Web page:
4. The financial markets remain underdeveloped. Pakistan's financial markets currently do not play a significant role in financial intermediation and resource mobilization. Market capitalization of the Pakistan Stock Exchange (PSX) accounted for only around 30% of the country's gross domestic product in 2019. With 558 listed companies and $58 billion market capitalization, the PSX is significantly below regional peers on a per capita basis (in terms of listed companies) and as a percentage of gross domestic product (GDP) (in terms of market capitalization). Moreover, many listed companies have minimal _free float_ since most shares are held by sponsors including the Government. The accounting and auditing standards of listed companies are also unreliable and lack facts for informed investment decisions. Beyond the unreliability of financial reporting is the issuer's concern over poor corporate governance. The corporate governance structure of listed companies is not sufficiently transparent and lacks proper checks and balances. Furthermore, financial stability is compromised due to limited policy coordination and joint supervision of the financial system by the key regulators. The absence of a high-level forum and, ultimately, of agreements that would enable Pakistan's financial market regulators to share information as well as coordinate financial sector oversight and policy issues on a regular basis has led to opportunities for regulatory arbitrage. The enforcement effectiveness of the Securities and Exchange Commission of Pakistan (SECP) is also challenged by the absence of a dedicated capital market tribunal as a result of which the pace of resolution of securities cases pending in the court system is slow.

5. Bond market development is also constrained. The corporate bond market remains in its nascent stage, undermining long-term infrastructure financing requirements. The corporate bond market is 2.2% of GDP, which is significantly less than that of its regional peers. Issuances in the primary market are dominated by Government bonds with limited and costly corporate bond issuances. The Government bond market is primarily short-dated and, thus, does not fulfill its role as a benchmark pricing reference due to ad hoc Government debt management practices arising from the lack of a professional debt management office. The absence of an effective Government bond market yield curve impedes the appropriate pricing of corporate bonds, and corporate bond issuances are therefore less attractive to both issuers and investors. Other barriers also restrict the issuance of corporate bonds such as non-existence of concessions for listing fees, stamp duty and other related costs. On the demand-side, major institutional investors (such as pension funds, insurance companies, and mutual funds) have a limited role in financing Government bonds and corporate bonds. This is primarily due to anomalies in the National Savings Schemes structure that offer the same return as Government bonds, but unlike Government bonds they have insignificant downside risk prior to maturity. The participation of investors across the maturity spectrum is critical to support market development.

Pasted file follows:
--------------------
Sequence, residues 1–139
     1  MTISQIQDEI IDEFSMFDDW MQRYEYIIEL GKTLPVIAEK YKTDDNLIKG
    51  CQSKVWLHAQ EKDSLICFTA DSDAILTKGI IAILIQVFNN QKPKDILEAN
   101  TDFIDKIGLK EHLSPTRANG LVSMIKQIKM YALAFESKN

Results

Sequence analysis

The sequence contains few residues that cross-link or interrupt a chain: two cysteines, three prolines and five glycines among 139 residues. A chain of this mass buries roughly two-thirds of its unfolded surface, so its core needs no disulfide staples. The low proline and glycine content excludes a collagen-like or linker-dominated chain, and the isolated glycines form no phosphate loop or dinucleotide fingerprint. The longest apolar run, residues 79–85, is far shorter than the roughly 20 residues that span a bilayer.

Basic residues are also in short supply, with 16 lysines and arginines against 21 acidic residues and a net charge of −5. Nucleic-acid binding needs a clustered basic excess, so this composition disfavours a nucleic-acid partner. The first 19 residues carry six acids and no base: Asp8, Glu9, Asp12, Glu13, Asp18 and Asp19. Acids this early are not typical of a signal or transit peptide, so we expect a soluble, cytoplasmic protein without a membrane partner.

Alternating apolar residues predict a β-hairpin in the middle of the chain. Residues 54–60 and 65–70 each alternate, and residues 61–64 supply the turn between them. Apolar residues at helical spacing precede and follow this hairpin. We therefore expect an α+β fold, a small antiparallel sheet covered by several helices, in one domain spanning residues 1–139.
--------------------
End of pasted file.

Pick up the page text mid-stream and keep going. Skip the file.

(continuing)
Impact Financial markets act as a major catalyst in transforming the economy into a more efficient, innovative and competitive marketplace within the global arena.
Outcome Greater capacity of intermediation and expanded size of capital markets.
Outputs

1. Market stability strengthened.

2. Market facilitation enhanced.

3. Demand measures enhanced.

4. Supply measures enhanced.

Geographical Location Nation-wide
Safeguard Categories
Environment C
Involuntary Resettlement C
Indigenous Peoples C
Summary of Environmental and Social Aspects
Environmental Aspects
Involuntary Resettlement
Indigenous Peoples
Stakeholder Communication, Participation, and Consultation
During Project Design
During Project Implementation
Responsible ADB Officer Syed Ali-Mumtaz H. Shah
Responsible ADB Department Central and West Asia Department
Responsible ADB Division Public Management, Financial Sector and Trade Division, CWRD
Executing Agencies
Ministry of Finance
Q-Block, Finance Division,
Pak Secretariat, Red Zone, Islamabad,
Pakistan
Timetable
Concept Clearance 15 Aug 2019
Fact Finding 10 Feb 2020 to 14 Feb 2020
MRM 16 Mar 2020
Approval -
Last Review Mission -
Last PDS Update 21 Aug 2019

Project Data Sheets (PDS) contain summary information on the project or program. Because the PDS is a work in progress, some information may not be included in its initial version but will be added as it becomes available. Information about proposed projects is tentative and indicative.